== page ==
So if a song like "Goofus" wasn't on the approved playlist, there was precious little a DJ could do to play it, even if requested. Other "radio-isms" that may have been in play is the idea of dayparting. A friendly record promoter from A&M might twist a PD's arm to get them to play a record like "All You Get From Love Is A Love Song" and the PD would maybe oblige by putting it on the list, but then when program logs were prepared, the song might be buried in the late nights or overnights so as not to hurt the ratings in the main money dayparts. The PD could then show the promoter, "Look, your record got 18 plays over the last two weeks, but it's not getting any traction." The promoter is happy, the PD is happy. But the record went nowhere. Of course not - very few people heard it!
That's the way Commercial radio worked then but today it's run by consultants and bean counters but thankfully I'm still at one of the very few freeform stations left where the Dj s still choose and program the music and we do have a few carpenter's records in the library but I own the CDS and I usually use my CDS because sadly the records weren't cared for very well
I like reading about the internal functioning of radio stations.
That opens my eyes to a number of avenues.
The primary takeaway here (for me) is that Goofus may likely never have been placed into rotation
by the program director. It would not have been chosen, not played, not heard by the public.
Would any song by The Carpenters have been chosen--in late 1976, for radio play ?
I realize the album, Hush, takes a beating.
But, after all these years (and, I am listening to the entire album song sequentially, this morning):
the album is not bad. It is soft, to be sure. But, it does have its own personality.
I've always liked the album.
It has its highlights.
That depended on the station of course. Radio was beginning to fragment into specialized formats, so a station that was leaning toward soft rock sounds would naturally play any current Carpenters record - as long as it fit the format. The first stations that broke away from Carpenters were the ones that leaned toward rock or disco, and that includes the big Top 40 stations in the big markets. That created a sort of dichotomy in radio where a station where you could hear a Carpenters record was deemed as un-hip. The hip stations (and hip wannabees) of the day in the late 70s even created local promos that guaranteed that you wouldn't hear such soft stuff as Carpenters or Bread on their stations.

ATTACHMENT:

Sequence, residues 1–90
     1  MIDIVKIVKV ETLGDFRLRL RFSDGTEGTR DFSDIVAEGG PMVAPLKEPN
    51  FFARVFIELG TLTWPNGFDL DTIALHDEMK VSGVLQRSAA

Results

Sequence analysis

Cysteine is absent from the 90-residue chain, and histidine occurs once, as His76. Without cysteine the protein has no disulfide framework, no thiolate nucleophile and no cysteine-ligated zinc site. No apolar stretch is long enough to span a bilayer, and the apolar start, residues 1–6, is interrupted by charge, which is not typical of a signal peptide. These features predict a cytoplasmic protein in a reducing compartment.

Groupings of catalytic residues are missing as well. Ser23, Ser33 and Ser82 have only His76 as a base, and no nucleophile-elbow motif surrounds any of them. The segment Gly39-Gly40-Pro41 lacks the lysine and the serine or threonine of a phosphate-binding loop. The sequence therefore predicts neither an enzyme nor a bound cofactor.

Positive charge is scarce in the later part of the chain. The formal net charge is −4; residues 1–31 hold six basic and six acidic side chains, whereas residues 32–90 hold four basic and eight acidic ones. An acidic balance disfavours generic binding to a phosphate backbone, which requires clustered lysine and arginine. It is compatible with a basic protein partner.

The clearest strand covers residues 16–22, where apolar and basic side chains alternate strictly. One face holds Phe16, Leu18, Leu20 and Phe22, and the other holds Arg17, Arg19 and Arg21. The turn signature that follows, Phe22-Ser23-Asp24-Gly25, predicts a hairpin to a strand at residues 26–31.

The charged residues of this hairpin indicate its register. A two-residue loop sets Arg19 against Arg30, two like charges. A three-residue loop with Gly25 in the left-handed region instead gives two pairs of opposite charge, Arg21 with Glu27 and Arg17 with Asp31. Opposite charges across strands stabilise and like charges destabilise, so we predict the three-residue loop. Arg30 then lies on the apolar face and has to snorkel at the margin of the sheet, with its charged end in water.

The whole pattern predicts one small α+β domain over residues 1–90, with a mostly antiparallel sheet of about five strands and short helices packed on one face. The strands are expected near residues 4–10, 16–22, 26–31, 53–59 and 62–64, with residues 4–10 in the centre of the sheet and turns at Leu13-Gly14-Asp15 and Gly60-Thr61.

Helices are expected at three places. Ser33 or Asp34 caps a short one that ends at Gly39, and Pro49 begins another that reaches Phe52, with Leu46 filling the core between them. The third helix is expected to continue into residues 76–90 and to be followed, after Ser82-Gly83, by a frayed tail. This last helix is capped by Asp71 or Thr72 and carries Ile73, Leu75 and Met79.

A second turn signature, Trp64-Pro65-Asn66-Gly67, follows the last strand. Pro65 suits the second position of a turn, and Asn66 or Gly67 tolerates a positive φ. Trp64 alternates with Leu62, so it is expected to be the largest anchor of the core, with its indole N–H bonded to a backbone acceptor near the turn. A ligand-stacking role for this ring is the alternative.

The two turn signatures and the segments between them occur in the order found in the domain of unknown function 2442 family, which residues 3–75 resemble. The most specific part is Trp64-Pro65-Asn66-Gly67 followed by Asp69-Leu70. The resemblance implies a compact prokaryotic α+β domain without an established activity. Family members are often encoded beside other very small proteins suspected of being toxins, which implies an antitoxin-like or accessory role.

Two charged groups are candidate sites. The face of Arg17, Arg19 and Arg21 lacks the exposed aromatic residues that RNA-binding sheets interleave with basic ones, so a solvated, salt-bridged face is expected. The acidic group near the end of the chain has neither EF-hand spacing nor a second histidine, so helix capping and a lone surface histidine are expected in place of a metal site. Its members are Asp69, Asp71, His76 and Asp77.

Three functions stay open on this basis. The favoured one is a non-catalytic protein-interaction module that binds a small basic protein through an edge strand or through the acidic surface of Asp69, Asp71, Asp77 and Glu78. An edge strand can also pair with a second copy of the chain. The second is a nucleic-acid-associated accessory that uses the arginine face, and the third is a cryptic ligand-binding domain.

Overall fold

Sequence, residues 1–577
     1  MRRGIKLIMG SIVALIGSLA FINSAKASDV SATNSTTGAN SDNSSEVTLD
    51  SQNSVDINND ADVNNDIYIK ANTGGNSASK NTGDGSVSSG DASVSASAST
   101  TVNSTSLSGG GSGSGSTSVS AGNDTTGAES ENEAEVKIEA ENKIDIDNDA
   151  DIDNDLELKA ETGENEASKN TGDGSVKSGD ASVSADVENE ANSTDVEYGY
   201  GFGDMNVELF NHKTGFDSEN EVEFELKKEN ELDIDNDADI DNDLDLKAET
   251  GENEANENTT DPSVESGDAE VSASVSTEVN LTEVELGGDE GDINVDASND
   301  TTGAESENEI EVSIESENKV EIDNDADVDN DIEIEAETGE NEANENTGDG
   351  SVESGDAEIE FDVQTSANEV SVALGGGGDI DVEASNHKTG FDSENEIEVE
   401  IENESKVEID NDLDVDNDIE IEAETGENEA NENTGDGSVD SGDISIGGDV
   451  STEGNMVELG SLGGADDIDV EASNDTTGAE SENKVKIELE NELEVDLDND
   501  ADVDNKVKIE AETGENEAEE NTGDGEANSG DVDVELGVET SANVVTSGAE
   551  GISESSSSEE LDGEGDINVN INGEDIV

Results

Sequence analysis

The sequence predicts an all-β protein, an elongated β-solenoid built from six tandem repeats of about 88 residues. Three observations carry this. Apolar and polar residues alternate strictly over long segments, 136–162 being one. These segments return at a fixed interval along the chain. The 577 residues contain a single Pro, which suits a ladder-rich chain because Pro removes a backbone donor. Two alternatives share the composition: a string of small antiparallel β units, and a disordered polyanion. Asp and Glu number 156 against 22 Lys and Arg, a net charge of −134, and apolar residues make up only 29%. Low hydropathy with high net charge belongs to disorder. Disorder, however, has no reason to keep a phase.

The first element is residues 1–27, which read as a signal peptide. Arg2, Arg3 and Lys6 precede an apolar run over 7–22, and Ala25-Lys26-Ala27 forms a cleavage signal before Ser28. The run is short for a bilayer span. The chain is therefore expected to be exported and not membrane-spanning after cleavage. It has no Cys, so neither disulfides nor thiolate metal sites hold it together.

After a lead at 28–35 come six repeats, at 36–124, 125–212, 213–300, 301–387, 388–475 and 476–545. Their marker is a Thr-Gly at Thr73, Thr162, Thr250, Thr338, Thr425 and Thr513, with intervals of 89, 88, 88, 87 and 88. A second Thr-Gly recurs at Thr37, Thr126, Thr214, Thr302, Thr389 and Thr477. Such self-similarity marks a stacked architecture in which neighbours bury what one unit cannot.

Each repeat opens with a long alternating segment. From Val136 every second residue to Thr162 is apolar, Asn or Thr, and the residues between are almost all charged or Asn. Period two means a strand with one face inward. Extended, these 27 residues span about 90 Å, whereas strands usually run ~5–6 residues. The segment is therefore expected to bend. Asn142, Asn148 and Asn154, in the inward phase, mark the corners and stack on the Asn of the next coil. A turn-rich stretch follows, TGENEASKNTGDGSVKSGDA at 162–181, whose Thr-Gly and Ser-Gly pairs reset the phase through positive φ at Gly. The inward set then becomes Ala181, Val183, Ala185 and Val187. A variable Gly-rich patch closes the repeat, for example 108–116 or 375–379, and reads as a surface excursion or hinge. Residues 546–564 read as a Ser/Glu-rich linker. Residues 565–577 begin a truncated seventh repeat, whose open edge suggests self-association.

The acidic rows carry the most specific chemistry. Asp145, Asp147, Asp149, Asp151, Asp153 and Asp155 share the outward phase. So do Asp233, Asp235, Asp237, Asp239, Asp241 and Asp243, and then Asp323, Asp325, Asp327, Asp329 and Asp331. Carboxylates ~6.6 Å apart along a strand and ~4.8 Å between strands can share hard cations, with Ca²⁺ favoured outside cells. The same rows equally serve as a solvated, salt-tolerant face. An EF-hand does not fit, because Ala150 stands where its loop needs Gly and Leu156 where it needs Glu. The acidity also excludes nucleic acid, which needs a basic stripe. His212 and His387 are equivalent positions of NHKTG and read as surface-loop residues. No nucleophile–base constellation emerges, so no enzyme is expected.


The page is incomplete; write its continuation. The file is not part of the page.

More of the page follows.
^^ Harry that jogged a memory - I specifically remember radio stations running ad campaigns where a voice-over would say something akin to "IS THIS what you want!? And play a quick 10 second medley of Bread, the Carpenters, or like bands. Then a loud needle scratch sound, and "well turn the channel, because we play THIS!! And then a medley of rock bands. Had forgotten that stuff.
And it was usually the line "...sprinkled moondust in your hair..."
Now, I can fully appreciate where Karen & Richard took
Breaking Up Is Hard To Do, here is the fast version, live, Neil Sedaka:
Closer is the original recorded version:
I heard Goofus played on only one radio station and it was an Automated Easy listening station which played all that their pre programmed tapes had to offer. And then the station switched to oldies and later talk radio but at least i could always count on hearing The Carpenters on an easy listening station Even The Instrumental cover versions too
I remember, after "Touch Me When We're Dancing" left the charts and "Want You Back In My Life Again" was released, calling the local radio station and requesting the latter. After all, "Touch Me..." went to No. 16 so, naturally, I thought the follow-up would also get airplay. However, when I requested "Want You...," they DJ's actually LAUGHED AT ME and said, in not so few words, "ain't gonna happen." I couldn't wrap my mind around, not only the rudeness but, that they played "Touch Me..." and completely disregarded and mocked "Want You.."
Maybe they just thought that people were lucky to hear one Carpenters comeback single and that anyone wanting the station to play more was just pushing something that was never going to happen. I don't think it had anything to do with the quality of songs, just that they wanted to be assholes and laugh at someone who wanted more of a band considered old-hat.